You are viewing the page for Mar. 17, 2011
  Select another date:
<<back forward>>
SpaceWeather.com -- News and information about meteor showers, solar flares, auroras, and near-Earth asteroids
 
Solar wind
speed: 378.4 km/sec
density: 2.9 protons/cm3
explanation | more data
Updated: Today at 2213 UT
X-ray Solar Flares
6-hr max: B2
1734 UT Mar17
24-hr: C1
0125 UT Mar17
explanation | more data
Updated: Today at: 2300 UT
Daily Sun: 17 Mar 11
Departing sunspot 1169 is going out with a bang, hurling plasma over the sun's western limb. Credit: SDO/HMI
Sunspot number: 50
What is the sunspot number?
Updated 16 Mar 2011

Spotless Days
Current Stretch: 0 days
2011 total: 1 day (1%)
2010 total: 51 days (14%)
2009 total: 260 days (71%)
Since 2004: 820 days
Typical Solar Min: 486 days

Updated 16 Mar 2011


The Radio Sun
10.7 cm flux: 95 sfu
explanation | more data
Updated 16 Mar 2011

Current Auroral Oval:
Switch to: Europe, USA, New Zealand, Antarctica
Credit: NOAA/POES
Planetary K-index
Now: Kp= 3 quiet
24-hr max: Kp= 3
quiet
explanation | more data
Interplanetary Mag. Field
Btotal: 8.0 nT
Bz: 6.7 nT north
explanation | more data
Updated: Today at 2214 UT
Coronal Holes: 17 Mar 11
There are no large coronal holes on the Earth-side of the sun. Credit: SDO/AIA.
SPACE WEATHER
NOAA Forecasts
Updated at: 2011 Mar 17 2200 UTC
FLARE
0-24 hr
24-48 hr
CLASS M
01 %
01 %
CLASS X
01 %
01 %
Geomagnetic Storms:
Probabilities for significant disturbances in Earth's magnetic field are given for three activity levels: active, minor storm, severe storm
Updated at: 2011 Mar 17 2200 UTC
Mid-latitudes
0-24 hr
24-48 hr
ACTIVE
10 %
10 %
MINOR
01 %
01 %
SEVERE
01 %
01 %
High latitudes
0-24 hr
24-48 hr
ACTIVE
15 %
15 %
MINOR
01 %
01 %
SEVERE
01 %
01 %
 
Thursday, Mar. 17, 2011
What's up in space
 

They came from outer space--and you can have one! Genuine meteorites are now on sale in the Space Weather Store. They make a unique Valentine's gift.

 
Own your own meteorite

SUPER FULL MOON: On March 19th, a full Moon of rare size and beauty will rise in the east at sunset. It's a super "perigee moon"--the biggest in almost 20 years. Get the full story from Science@NASA.

PARTING SHOT: Departing sunspot 1169 erupted during the late hours of March 16th and hurled a spectacular coronal mass ejection (CME) over the sun's western limb. Click on the image to play a movie of the expanding cloud:

Only a week ago, sunspot 1169 was squarely facing our planet. If the eruption had occurred then, we'd be expecting bright auroras and geomagnetic storms before the weekend. Instead, this CME will sail wide right of Earth with negligible effect. Maybe next time.

more images: from John Nassr of Baguio, Philippines; from Monty Leventhal OAM of Sydney. Australia.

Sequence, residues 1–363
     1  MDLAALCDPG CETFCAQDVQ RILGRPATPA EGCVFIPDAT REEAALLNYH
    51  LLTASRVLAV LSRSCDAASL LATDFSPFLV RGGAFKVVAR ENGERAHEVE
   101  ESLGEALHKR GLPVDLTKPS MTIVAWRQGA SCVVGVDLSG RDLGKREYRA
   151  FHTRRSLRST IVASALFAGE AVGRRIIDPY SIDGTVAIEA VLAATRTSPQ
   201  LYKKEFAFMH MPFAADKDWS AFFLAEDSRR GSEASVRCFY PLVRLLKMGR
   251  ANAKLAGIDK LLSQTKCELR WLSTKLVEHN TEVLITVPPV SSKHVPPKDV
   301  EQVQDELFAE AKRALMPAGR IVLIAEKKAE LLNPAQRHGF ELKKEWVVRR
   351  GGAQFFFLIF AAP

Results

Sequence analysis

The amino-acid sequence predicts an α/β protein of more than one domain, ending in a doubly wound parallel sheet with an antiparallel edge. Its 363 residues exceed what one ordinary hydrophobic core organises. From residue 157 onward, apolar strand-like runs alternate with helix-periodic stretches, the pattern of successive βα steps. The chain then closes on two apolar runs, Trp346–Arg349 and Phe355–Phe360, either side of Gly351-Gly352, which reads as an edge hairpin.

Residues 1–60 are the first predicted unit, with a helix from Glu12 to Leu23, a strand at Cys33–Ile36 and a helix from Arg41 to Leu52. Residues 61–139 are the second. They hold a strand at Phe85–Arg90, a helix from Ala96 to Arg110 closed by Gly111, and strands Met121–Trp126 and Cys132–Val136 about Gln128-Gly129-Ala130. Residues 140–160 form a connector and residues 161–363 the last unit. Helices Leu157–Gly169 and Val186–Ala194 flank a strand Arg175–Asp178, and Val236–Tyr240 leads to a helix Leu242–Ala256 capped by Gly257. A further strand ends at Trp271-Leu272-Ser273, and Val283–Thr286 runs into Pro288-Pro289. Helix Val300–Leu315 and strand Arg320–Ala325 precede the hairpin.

EQUINOX SOLAR ECLIPSE: It must be spring. This is the time of year when the sun, Earth, and NASA's Solar Dynamics Observatory in geosynchronous orbit can line up for spectacular sun-Earth eclipses. Only around equinoxes does this phenomenon occur. SDO took this picture of the sun partially blocked by our own planet on March 13th:

Every day from now until April 2, 2011, there will be a short break in the data flow as the Earth moves between SDO and the sun. The length of an eclipse can be as long as 72 minutes and they happen at about midnight at the SDO ground station in Las Cruces, NM (0700 UT). Never before has missing data looked so good.


March 2011 Aurora Photo Gallery
[previous Marches: 2010, 2009, 2008, 2007, 2006, 2005, 2004, 2003, 2002]

  Near Earth Asteroids
Potentially Hazardous Asteroids (PHAs) are space rocks larger than approximately 100m that can come closer to Earth than 0.05 AU. None of the known PHAs is on a collision course with our planet, although astronomers are finding new ones all the time.
On March 17, 2011 there were 1204 potentially hazardous asteroids.
Recent & Upcoming Earth-asteroid encounters:
Asteroid
Date(UT)
Miss Distance
Mag.
Size
2011 EB74
Mar 16
0.9 LD
--
18 m
2011 BE38
Apr 10
48 LD
--
1.0 km
2002 DB4
Apr 15
62.5 LD
--
2.2 km
2008 UC202
Apr 27
8.9 LD
--
10 m
2009 UK20
May 2
8.6 LD
--
23 m
2008 FU6
May 5
75.5 LD
--
1.2 km
2003 YT1
May 5
65.3 LD
--
2.5 km
2002 JC
Jun 1
57.5 LD
--
1.6 km
2009 BD
Jun 2
0.9 LD
--
9 m
2002 JB9
Jun 11
71.5 LD
--
3.2 km
2001 VH75
Jun 12
42.2 LD
--
1.1 km
2004 LO2
Jun 15
9.9 LD
--
48 m
2001 QP181
Jul 2
35.1 LD
--
1.1 km
Notes: LD means "Lunar Distance." 1 LD = 384,401 km, the distance between Earth and the Moon. 1 LD also equals 0.00256 AU. MAG is the visual magnitude of the asteroid on the date of closest approach.
  Essential web links
NOAA Space Weather Prediction Center
  The official U.S. government space weather bureau
Atmospheric Optics
  The first place to look for information about sundogs, pillars, rainbows and related phenomena.
Solar Dynamics Observatory
  Researchers call it a "Hubble for the sun." SDO is the most advanced solar observatory ever.
STEREO
  3D views of the sun from NASA's Solar and Terrestrial Relations Observatory
Solar and Heliospheric Observatory
  Realtime and archival images of the Sun from SOHO.
Daily Sunspot Summaries
  from the NOAA Space Environment Center
Heliophysics
  the underlying science of space weather
Conquest Graphics
  for out-of-this-world printing and graphics
Science Central
   
  more links...
©2010 Spaceweather.com. All rights reserved. This site is penned daily by Dr. Tony Phillips.
Spaceweather Flybys

©2013 Spaceweather.com. All rights reserved.